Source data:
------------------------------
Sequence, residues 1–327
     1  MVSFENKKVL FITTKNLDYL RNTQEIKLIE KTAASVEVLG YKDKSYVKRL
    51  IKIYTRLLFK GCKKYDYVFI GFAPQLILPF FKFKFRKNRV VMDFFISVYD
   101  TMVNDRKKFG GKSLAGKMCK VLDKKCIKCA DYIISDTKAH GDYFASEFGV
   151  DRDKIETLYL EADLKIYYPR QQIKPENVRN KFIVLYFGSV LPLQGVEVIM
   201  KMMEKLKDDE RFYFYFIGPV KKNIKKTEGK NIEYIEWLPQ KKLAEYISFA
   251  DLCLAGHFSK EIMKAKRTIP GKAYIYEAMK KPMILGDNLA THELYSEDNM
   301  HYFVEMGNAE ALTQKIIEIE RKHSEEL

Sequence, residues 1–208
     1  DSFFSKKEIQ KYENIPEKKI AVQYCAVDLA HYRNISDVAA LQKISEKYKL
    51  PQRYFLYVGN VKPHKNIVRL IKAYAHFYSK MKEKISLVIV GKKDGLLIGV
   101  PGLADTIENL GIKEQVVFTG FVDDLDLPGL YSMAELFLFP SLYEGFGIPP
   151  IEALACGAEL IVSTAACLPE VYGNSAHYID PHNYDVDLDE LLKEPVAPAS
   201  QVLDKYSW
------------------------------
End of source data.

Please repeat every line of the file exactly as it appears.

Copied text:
Sequence, residues 1–327
     1  MVSFENKKVL FITTKNLDYL RNTQEIKLIE KTAASVEVLG YKDKSYVKRL
    51  IKIYTRLLFK GCKKYDYVFI GFAPQLILPF FKFKFRKNRV VMDFFISVYD
   101  TMVNDRKKFG GKSLAGKMCK VLDKKCIKCA DYIISDTKAH GDYFASEFGV
   151  DRDKIETLYL EADLKIYYPR QQIKPENVRN KFIVLYFGSV LPLQGVEVIM
   201  KMMEKLKDDE RFYFYFIGPV KKNIKKTEGK NIEYIEWLPQ KKLAEYISFA
   251  DLCLAGHFSK EIMKAKRTIP GKAYIYEAMK KPMILGDNLA THELYSEDNM
   301  HYFVEMGNAE ALTQKIIEIE RKHSEEL

Sequence, residues 1–208
     1  DSFFSKKEIQ KYENIPEKKI AVQYCAVDLA HYRNISDVAA LQKISEKYKL
    51  PQRYFLYVGN VKPHKNIVRL IKAYAHFYSK MKEKISLVIV GKKDGLLIGV
   101  PGLADTIENL GIKEQVVFTG FVDDLDLPGL YSMAELFLFP SLYEGFGIPP
   151  IEALACGAEL IVSTAACLPE VYGNSAHYID PHNYDVDLDE LLKEPVAPAS
   201  QVLDKYSW